With under 150 Vision Jets in service since 2016, there are no wrecks yet. And with that it’s far too early to declare the Cirrus jet the safest airplane, but based on its systems it’s tough to argue that the airplane, on paper, isn’t the safest equipped GA airplane in production—if ever. Let’s look at the equipment that supports the argument, shall we?
Even with Garmin’s Emergency Autoland (Cirrus Safe Return), the Vision Jet still has the CAPS whole-airplane parachute. A midair or engine failure over the mountains likely means a CAPS pull.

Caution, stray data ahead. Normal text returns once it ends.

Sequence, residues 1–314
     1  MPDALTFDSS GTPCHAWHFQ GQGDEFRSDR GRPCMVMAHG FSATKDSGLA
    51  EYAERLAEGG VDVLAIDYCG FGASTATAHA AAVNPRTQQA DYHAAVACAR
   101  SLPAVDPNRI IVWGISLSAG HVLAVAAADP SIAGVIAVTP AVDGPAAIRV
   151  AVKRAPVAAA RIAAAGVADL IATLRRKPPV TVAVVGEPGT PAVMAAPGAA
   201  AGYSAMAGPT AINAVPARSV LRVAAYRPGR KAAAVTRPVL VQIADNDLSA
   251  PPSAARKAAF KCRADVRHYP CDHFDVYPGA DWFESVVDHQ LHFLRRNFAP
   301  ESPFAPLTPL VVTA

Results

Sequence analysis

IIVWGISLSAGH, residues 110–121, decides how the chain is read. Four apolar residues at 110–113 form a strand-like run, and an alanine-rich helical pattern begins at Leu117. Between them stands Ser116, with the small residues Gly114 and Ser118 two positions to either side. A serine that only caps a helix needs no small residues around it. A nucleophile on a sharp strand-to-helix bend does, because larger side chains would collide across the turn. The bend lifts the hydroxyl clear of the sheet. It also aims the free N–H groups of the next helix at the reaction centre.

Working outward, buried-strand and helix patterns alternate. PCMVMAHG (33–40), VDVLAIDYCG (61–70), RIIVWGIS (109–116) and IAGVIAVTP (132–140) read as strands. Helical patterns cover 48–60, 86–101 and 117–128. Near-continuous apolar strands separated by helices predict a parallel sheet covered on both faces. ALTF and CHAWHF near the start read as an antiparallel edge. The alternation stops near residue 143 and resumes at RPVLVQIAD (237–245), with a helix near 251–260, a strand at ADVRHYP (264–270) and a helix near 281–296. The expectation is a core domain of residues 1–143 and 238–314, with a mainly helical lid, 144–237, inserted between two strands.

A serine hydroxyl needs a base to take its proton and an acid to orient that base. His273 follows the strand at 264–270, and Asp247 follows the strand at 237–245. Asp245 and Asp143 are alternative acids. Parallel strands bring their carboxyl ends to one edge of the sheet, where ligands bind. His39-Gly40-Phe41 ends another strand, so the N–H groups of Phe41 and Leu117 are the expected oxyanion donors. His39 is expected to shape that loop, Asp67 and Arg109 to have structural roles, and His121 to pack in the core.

Some will argue that the Vision Jet is still a single-engine airplane, but that turbine planted on top of the cabin gives me far more confidence than any piston. The airplane has a bleed air pressurization system that sets itself based on flight plan field elevation, so pilots can’t screw that up. If there was a failure, there’s emergency descent mode, and if the pilot checks out, passengers can press the big red button in the cabin overhead and the jet will land itself.
Last, Cirrus’ Matt Bergwall reminded me that Vision Jet pilots need to successfully complete the type rating training—an extensive course that’s done in a Level D simulator and in the airplane. Put all that together and I think the G2 Vision Jet could be safest equipped GA airplane we’ve ever seen.